This is the second of a five-part series on effective methods for resolving conflicts in relationships, based on the work of Dr. John Gottman, one of the country’s foremost researchers on the dynamics of relationships. Last time I talked about his insight that a conflict discussion generally ends on the same tone with which it began, which makes a soft startup crucially important. This time I want to discuss his views on making and receiving repair attempts.
The first thing we’re taught when we’re learning to drive is how to stop the car. Stepping on the brake is an important skill in relationships, too. When we get off on the wrong foot, or find ourselves in a cycle of recriminations, we can head off a lot of grief if we know how to stop. Gottman calls these breaks repair attempts. A repair attempt is anything you do to de-escalate the tension. It can consist of suggesting a time-out. It can be a statement like “May I take that back?” or “Let me try again” or “I’m sorry I spoke so harshly.” It can be a request, such as “Please be more gentle with me,” or “Please help me calm down.”
When we don’t know how to put on the brakes, conflicts can easily escalate out of control, and result in an emotional state that Gottman calls flooding. Everyone has experienced the pain of being flooded in an argument. The body is overwhelmed with a confused jumble of signals. The threat system is activated, causing breathing to become constricted and muscles to tense and stay tense. We have intense feelings of anger or fear. The heart beats faster, and once its rate reaches 95-l00 beats per minute, the adrenal glands go into action delivering adrenalin. The state of increased excitement that results from all of this interferes with listening and with the understanding needed to re-establish trust and intimacy. It’s especially important for gay male couples to know that the cardiovascular system of men is generally more reactive to perceived threats than that of women, and that men generally take longer than women to return to equilibrium once flooding has been triggered.
And once the threshold of flooding has been crossed, making the transition back to equilibrium can be very difficult. Because people who are flooded don’t feel safe, they’re often more inclined to try to protect themselves by being combative and by trying to win the argument rather than trying to compromise or listen. So the first step to take when flooding has happened is to recognize it. The next step is to make the flooding the issue rather than the content of the argument. Do this by re-focusing the conversation on the process taking place between you and how you’re feeling. You may say something like “I need things to be calmer right now,” or “I’m not feeling safe right now.” Male couples, especially, may need a time-out at this point to breathe deeply, go for a walk, or just be quiet. Putting on the brakes can prevent a stampede of negativity. Gottman’s research shows that it generally takes five positive interactions to repair the damage done by one negative interaction, so keeping the number of negative interactions as small as possible is important for the overall health of any relationship.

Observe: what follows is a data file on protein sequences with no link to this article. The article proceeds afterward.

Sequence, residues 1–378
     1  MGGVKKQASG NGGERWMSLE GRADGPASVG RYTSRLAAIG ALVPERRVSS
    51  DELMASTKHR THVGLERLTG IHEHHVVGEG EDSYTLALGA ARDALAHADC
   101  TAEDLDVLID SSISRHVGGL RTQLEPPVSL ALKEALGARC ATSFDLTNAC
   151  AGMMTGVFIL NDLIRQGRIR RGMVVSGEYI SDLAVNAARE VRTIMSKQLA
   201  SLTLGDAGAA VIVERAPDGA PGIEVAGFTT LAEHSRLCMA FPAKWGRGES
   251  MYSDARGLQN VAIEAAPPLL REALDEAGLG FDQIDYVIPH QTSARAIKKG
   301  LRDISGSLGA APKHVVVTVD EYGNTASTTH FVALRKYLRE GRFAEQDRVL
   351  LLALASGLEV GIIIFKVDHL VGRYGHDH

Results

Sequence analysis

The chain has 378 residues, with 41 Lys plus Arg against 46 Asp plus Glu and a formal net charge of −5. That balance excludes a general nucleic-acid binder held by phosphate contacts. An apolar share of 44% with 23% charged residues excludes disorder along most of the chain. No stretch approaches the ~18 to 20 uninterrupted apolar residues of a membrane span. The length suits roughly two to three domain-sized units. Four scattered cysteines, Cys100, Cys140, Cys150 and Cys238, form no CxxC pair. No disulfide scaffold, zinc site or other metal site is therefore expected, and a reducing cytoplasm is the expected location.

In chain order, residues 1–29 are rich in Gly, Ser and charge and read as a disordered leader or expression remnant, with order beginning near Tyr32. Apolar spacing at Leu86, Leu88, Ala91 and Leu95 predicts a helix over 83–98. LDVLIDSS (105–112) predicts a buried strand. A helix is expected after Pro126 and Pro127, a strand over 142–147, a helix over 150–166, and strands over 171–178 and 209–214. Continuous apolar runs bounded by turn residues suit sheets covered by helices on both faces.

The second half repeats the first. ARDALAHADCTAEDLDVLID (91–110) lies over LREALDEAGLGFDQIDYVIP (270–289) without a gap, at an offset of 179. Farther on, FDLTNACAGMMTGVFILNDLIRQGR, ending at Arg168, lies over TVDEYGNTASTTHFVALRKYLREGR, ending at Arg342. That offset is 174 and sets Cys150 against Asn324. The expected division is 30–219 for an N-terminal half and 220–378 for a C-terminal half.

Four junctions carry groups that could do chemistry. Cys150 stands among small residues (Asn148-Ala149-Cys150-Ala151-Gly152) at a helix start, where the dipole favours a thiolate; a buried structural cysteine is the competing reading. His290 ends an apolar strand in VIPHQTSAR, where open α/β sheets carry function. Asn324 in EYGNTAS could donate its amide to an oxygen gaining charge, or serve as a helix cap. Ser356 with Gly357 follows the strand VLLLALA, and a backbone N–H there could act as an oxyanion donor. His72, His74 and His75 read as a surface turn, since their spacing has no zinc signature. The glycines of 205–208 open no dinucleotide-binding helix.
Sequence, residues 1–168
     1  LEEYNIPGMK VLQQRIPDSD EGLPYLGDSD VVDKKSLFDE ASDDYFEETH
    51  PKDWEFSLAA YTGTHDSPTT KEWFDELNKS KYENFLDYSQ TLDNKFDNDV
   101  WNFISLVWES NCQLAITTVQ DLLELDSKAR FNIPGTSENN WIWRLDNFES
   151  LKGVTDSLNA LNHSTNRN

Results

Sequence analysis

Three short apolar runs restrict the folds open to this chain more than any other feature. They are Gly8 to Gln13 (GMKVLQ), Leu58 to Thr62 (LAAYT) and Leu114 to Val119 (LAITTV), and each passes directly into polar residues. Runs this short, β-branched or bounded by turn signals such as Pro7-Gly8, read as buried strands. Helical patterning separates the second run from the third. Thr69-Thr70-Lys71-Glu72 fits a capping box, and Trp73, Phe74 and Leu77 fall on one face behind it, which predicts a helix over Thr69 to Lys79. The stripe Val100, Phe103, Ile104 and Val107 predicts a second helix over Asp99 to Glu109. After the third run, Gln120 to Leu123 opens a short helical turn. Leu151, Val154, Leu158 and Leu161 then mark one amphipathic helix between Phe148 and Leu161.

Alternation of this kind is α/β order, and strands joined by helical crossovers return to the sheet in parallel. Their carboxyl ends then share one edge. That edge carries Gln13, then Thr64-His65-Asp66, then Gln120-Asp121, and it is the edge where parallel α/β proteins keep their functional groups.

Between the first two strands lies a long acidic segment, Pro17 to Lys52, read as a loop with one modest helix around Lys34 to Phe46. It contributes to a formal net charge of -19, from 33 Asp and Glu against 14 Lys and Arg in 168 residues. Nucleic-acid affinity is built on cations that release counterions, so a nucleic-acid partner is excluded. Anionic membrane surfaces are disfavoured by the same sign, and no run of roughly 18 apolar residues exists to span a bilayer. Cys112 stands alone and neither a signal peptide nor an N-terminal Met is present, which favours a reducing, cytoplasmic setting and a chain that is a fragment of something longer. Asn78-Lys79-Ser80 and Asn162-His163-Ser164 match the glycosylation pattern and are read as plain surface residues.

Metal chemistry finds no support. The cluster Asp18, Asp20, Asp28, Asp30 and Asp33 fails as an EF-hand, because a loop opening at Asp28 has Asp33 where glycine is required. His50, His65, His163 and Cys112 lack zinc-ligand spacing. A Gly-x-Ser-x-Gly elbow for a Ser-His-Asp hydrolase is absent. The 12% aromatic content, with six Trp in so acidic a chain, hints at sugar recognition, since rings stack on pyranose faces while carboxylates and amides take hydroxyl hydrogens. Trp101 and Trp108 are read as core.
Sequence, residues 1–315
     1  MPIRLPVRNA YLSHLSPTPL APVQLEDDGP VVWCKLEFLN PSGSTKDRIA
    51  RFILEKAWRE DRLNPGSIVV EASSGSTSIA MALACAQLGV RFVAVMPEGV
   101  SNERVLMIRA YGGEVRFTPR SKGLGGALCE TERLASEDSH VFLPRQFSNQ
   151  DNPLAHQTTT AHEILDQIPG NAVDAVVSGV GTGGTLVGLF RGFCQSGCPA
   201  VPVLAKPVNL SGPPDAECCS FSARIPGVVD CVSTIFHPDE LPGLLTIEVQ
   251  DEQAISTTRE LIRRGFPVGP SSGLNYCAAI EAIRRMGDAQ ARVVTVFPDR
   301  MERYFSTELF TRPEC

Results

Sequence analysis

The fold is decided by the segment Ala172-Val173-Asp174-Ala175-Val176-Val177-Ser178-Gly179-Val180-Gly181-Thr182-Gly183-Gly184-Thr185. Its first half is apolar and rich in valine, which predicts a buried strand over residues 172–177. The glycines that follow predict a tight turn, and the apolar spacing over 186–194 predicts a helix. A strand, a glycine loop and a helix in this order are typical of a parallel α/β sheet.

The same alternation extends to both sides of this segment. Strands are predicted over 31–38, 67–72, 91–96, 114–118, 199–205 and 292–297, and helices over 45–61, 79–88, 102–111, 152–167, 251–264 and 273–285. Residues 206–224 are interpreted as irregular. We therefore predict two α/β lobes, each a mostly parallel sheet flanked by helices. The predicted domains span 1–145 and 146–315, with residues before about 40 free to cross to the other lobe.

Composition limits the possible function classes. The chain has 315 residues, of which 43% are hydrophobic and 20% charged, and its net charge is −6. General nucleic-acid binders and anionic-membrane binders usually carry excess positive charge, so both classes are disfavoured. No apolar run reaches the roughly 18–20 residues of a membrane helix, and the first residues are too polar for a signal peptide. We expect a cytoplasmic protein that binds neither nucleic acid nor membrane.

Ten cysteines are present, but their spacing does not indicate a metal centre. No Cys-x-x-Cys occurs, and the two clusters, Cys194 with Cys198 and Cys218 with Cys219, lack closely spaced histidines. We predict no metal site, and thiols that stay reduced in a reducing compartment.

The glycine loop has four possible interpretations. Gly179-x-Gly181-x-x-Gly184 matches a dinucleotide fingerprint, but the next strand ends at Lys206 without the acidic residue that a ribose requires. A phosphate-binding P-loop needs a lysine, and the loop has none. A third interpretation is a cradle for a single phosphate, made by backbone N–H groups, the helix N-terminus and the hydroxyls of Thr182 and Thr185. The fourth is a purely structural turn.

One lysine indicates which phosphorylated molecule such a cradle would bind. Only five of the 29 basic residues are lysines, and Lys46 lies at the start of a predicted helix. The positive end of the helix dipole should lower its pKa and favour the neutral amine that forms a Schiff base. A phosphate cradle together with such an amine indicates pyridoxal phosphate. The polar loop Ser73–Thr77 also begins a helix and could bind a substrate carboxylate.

When both partners are calmer it’s time to listen and speak non-defensively. Being able to re-channel the destructive habit of defensiveness is one of the most valuable transitions you can make. Replacing defensiveness with listening, and then with speaking without affixing blame can help “reintroduce praise and admiration into your relationship.” Emphasizing areas of agreement (“I agree with part of what you’re saying”; and focusing on things you appreciate about your partner (“One thing I admire about you is…” or simply “I love you,”) all help to repair the rift.
And when your partner makes a repair attempt, the most important thing to do is just to accept it. According to Gottman, the majority of conflicts in relationships (69 percent, to be exact) are never resolved at all, so having as your priority trying to win every time there’s a disagreement is both an unrealistic and an ultimately destructive goal. When we remember to see a return to cooperation and affection as more important than winning, we’re in a better position to build stronger and more resilient relationships. Validate your partner’s repair attempt, and view it, not as an interruption in the argument, but as an attempt to make things better. Validation – that is, “putting yourself in your partner’s shoes and imagining his or her emotional state,” is one of the most important factors in making your partner feel loved. Listening, accepting and respecting your partner’s feelings, even if you have to acknowledge that you’re struggling to understand them, all greatly advance the repair of a relationship; this is especially true when they’re coupled with accepting responsibility and being willing to apologize for any hurt you’ve caused.
Next time: Soothe yourself and each other.